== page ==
September 28, 2016
By Gilbert VandenHeuvel
At Dwyer Manufacturing Stainless Steel is extensively used as a fastener, plumbing part and mostly as a building material.
But what makes stainless steel so good at what it does? Read on and find out. ,
Stainless steel differs from carbon steel by the amount of chromium present. Unprotected carbon steel rusts readily when exposed to air and moisture. This iron oxide film (the rust) is active and accelerates corrosion by forming more iron oxide and because of the greater volume of the iron oxide, this tends to flake and fall away. Stainless steels contain sufficient chromium to form a passive film of chromium oxide, which prevents further surface corrosion by blocking oxygen diffusion to the steel surface and blocks corrosion from spreading into the metal’s internal structure. Passivization occurs only if the proportion of chromium is high enough and oxygen is present, minimum 13%.
There are different types of of stainless steel. For instance, when nickel is added, stainless become non-magnetic and less brittle at low temperatures. For greater strength and hardness, more carbon is added. When these steels are heat treated the material can be used for products such as razor blades, tools and cutlery.
Most common stainless types are 316 and 304. Each have their own properties and used accordingly.
Type 304—the most common grade; the classic 18/8 (18% chromium, 8% nickel) stainless steel.
Type 316—the second most common grade; for food and surgical stainless steel uses; alloy addition of molybdenum prevents specific forms of corrosion. It is also known as marine grade stainless steel due to its increased resistance to chloride corrosion compared to type 304. 316 is often used for building nuclear reprocessing plants.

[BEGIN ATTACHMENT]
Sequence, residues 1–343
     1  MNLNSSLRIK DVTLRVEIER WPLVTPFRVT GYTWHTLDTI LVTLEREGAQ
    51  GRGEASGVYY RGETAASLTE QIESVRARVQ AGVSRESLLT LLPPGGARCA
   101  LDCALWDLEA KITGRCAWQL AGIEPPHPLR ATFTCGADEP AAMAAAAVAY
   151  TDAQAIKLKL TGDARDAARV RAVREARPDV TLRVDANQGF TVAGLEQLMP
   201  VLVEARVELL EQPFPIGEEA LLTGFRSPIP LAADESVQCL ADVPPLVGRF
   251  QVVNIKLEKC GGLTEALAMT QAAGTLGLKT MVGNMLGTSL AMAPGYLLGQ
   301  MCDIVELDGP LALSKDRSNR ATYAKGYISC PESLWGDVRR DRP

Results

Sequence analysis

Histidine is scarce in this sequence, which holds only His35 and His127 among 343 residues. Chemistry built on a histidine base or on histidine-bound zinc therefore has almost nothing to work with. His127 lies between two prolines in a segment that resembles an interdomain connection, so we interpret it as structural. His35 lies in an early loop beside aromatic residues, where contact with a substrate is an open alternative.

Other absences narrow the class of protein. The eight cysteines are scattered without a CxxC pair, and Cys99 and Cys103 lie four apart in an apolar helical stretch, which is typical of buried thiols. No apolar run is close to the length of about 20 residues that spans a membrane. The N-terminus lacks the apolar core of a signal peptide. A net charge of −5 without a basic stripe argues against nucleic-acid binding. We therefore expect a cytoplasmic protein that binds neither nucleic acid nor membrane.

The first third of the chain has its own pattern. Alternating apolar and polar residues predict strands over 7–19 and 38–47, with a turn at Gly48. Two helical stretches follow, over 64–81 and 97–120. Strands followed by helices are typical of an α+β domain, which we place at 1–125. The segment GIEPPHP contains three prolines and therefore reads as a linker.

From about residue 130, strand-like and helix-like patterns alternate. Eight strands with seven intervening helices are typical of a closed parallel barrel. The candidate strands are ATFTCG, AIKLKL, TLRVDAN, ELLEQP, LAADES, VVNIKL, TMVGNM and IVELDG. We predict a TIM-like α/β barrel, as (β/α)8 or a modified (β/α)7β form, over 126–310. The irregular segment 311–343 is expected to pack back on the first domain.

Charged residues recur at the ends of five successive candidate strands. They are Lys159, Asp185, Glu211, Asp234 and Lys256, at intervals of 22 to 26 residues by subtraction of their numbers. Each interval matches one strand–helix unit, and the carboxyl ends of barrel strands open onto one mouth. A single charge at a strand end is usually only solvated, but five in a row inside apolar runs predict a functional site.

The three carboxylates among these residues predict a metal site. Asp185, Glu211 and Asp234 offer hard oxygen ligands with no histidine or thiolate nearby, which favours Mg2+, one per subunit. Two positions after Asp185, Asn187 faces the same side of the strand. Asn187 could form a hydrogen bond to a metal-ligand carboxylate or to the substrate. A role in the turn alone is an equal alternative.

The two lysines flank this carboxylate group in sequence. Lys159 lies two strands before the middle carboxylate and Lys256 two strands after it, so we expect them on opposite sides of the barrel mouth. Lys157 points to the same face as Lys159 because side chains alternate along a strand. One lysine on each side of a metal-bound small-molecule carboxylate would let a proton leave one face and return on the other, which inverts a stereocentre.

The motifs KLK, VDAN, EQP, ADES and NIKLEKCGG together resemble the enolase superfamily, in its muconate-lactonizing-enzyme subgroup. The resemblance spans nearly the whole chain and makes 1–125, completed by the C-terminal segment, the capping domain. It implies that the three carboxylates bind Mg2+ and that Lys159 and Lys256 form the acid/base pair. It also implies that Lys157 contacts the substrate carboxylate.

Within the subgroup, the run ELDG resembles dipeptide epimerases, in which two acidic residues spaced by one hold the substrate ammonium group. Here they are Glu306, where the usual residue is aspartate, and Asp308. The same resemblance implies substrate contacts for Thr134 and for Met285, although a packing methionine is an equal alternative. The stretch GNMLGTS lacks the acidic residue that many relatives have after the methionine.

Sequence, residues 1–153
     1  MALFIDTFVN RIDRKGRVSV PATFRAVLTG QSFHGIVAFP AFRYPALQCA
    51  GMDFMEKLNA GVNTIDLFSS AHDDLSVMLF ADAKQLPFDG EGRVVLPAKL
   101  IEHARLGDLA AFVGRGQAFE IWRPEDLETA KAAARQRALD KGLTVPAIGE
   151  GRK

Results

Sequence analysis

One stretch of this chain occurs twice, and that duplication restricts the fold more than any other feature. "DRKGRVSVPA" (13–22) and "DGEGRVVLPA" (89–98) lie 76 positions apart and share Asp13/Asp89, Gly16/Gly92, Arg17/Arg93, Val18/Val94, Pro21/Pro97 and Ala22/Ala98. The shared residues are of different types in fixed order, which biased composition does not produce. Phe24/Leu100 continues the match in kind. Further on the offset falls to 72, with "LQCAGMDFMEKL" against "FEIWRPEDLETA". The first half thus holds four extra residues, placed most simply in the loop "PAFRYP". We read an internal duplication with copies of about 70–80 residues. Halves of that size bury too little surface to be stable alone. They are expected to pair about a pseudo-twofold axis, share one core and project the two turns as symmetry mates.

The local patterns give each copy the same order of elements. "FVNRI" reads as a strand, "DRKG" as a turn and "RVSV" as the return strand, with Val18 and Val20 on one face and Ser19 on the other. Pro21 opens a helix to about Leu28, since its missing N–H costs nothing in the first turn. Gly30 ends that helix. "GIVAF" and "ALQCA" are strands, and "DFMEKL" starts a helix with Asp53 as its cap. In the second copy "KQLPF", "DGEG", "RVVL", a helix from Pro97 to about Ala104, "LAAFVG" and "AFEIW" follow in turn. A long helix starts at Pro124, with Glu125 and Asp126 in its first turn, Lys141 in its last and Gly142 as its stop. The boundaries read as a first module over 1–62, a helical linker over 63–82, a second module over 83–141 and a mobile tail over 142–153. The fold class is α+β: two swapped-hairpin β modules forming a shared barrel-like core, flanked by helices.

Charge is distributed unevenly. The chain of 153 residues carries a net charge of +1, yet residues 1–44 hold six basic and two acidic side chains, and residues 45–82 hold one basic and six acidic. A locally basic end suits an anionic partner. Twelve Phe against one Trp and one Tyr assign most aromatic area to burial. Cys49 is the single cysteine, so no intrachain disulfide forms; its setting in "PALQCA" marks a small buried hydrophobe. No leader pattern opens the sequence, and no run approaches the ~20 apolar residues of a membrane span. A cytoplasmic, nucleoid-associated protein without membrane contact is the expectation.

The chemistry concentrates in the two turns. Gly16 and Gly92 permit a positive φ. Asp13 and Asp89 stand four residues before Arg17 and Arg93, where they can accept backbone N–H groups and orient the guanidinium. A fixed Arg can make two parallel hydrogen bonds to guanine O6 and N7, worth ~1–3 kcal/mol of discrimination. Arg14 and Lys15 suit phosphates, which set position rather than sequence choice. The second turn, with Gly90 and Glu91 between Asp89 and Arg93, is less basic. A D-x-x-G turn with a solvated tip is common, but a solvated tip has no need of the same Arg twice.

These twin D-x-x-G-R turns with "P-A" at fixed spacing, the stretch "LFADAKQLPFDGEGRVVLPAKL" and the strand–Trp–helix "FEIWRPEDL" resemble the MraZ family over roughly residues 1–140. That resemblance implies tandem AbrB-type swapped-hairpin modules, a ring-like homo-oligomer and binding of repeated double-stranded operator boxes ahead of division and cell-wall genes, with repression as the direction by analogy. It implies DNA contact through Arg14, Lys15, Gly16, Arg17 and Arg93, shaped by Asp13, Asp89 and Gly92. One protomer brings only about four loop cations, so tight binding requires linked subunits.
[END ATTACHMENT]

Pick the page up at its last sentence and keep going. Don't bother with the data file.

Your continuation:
Watch video that explains stainless grades click HERE
For a complete list of 304 Stainless fasteners available at Dwyer Manufacturing click HERE.
Manufacturers make either rolls or slabs of stainless which are further processed into forms we see each day.
Click HERE to watch an interesting video on the manufacturing of Stainless Steel.
Helpful tip when using impacts on stainless nuts and bolts:
When using stainless nuts and bolts be careful when using an impact to rapidly tighten or loosen. When using higher force the oxide layer that all stainless has can be scraped off allowing the parts to “weld” together, an effect known as galling. Using dissimilar materials such as bronze and stainless is one way to avoid galling or even different types of stainless (304 and 316) can solve this problem. Most nuts and bolts come in the same stainless type (304 or 18/8) so that usually isn’t an option, cleaning the stainless or using a thread lubricant (moly or graphite) helps reduce the chance of galling or even reducing the speed of the impact to stop friction heat build up. For complete details from Greenslade and Company on galling click HERE. Watch video with the detailed science of galling HERE.
For a complete list of 304 Stainless Plumbing available at Dwyer Manufacturing click HERE.
Stainless Steel Facts: